Nip It in the Bud
Caroline Manzo tackles questions on her famous pasta e fagioli recipe, lending money, and setting boundaries.
Debbie from Lynchburg, OH says: Hi Caroline - I so admire you. I heard you mention pasta fagioli on one of the shows. My grandmother made it for me all the time. She passed away before I could get the recipe, and I was hoping maybe you would be kind enough to share yours.
Caroline says: Enjoy!
PASTA E FAGIOLI
3-4 tablespoons extra virgin olive oil
4-5 garlic cloves chunked
2 small celery ribs chopped
5/6 fresh plum tomatoes diced or 1 16 oz. can diced tomatoes
Rind (about 2") from block of pecorino Romano or provolone cheese
1 14 oz. can chicken broth
1 16 oz. can cannellini beans with liquid
1 box ditalini or small shells pasta
*Optional - handful of diced pancetta
Put olive oil into the pan, along with celery, garlic cloves (and the optional pancetta). Sauté on a low to medium heat until garlic browns a bit and celery becomes transparent.
Add diced tomatoes, stir, and let simmer for about 15 minutes
Add cannellini beans with their water, chicken broth, and cheese rind and let simmer on medium heat for about 25 minutes. When cheese rind gets mushy remove from pot.
Put up water for pasta, add a pinch of salt, and when it comes to boil add pasta of choice.
When pasta is cooked add it to bean broth, top with a drizzle of olive oil, salt, and pepper to taste and grated cheese – DONE!
Kerry from CT says: You mentioned you had multiple miscarriages. I wanted to know how you got through that difficult experience and how you kept your faith and spirits up about having another baby. Thanks for all your wisdom! Your love for your family is so evident that I know this issue had to affect you deeply and would appreciate your advice.
Caroline says: Thank you for the compliment, Kerry, but I think you're going to be shocked at my answer.
All of my miscarriages progressed slowly. It was early on in my pregnancies, and although I heard a heartbeat, I never was far enough along to feel movement. It initially started off with cramps, backache, and nausea causing me to visit my doctor who then would put me on bed rest. Ultimately there would be staining which led to an ultrasound that confirmed the lack of heartbeat and life. During those moments of bed rest I had a positive attitude but was always prepared to face the fact that the fetus may not survive. I believe in fate and God's will and that everything happens for a reason. My body was rejecting the pregnancy, and although I was sad, I never allowed myself to dwell on it or fall into a depressive state. I remember walking up and down the hallways of the hospital in order to start the natural progression of the miscarriage at my doctor's request. That's when I cried, because I felt like I played an active role in terminating the pregnancy. Obviously that wasn't the case but that's how I felt. The minute I came out of the operating room after the procedure I had a different attitude. I realized that I wasn't the only person that this had ever happened to and I wouldn't be the last. I also knew that Al and I were healthy and the chances were good that we'd have another pregnancy. I accepted what happened and never looked back.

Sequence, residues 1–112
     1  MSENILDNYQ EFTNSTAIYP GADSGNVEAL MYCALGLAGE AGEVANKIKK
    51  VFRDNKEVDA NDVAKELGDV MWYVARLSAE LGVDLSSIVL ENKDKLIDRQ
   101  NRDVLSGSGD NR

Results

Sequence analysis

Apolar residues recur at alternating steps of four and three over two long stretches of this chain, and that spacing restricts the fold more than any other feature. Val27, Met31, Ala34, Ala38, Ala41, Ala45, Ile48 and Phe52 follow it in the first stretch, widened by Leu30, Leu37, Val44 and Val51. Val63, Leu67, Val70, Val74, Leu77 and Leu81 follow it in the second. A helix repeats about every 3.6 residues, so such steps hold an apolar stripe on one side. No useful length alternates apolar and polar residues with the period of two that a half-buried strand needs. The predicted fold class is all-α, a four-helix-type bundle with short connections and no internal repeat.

Overall I had six pregnancies. Three went full term and three didn't. I'm not angry or sad over the three miscarriages, because without them I wouldn't have Albie, Lauren, and Christopher. They are the children I was meant to have.
I can only suggest that you accept your fate and keep a positive attitude.
Speak to your doctor and be proactive in living a healthy lifestyle, stress and worrying never helps.
I wish you all the good that life has to offer, Kerry, stay positive.
Carol from East Northport, NY says: Hi Caroline - If you know that one of your family members are in financial distress, do you think that you need to wait until they ask you for help, or as a member with financial means, do you go to them and ask if there is anything you can do to help out?
Caroline says: Feel things out; get to know the hows and the whys of the situation if possible. Approach your relative and have an open and honest conversation, and if you're comfortable with your decision, then by all means offer your help. They may be relieved and more than happy to accept it.
I do have to warn you, if you lend the money out you have to go in with the mind set that you may never get it back. I've seen it happen time and again where money is lent out and never paid back -- It's ruined more relationships than I can count.
You have a kind heart, Carol, and I commend you for that. Your family is lucky to have you. Good luck!
Newlywed from Rochester, NY says: Hi Caroline - My mother-in-law has a key to our house ands seems to think it's OK to pop in, which is lovely. However, she thinks unlocking the door and letting herself in without knocking is OK, because she doesn't want to startle us or wake us up. I think she's coming from a good place, but it's uncomfortable not knowing when she's going to pop up! What's a good way to approach this and still make her feel welcome and comfortable in our home? We tried politely encouraging the doorbell a couple of times, but it didn't take.
Caroline says: If you have a good relationship with her, tell her the truth. It's all in the delivery; put your arm around her and tell it like it is. Explain to her that you welcome her visits, but you're looking to avoid an embarrassing situation. If you can infuse a little light-hearted humor, that's even better. Hug it out and make sure she gets where you're coming from.
The bottom line is this; it's your house and you're entitled to your privacy. Allowing it to continue only makes it harder to diffuse, and although her intentions are good, it can become an uncomfortable situation and ultimately cause hard feelings. Nip it in the bud while it's new and avoid a bigger problem down the road.
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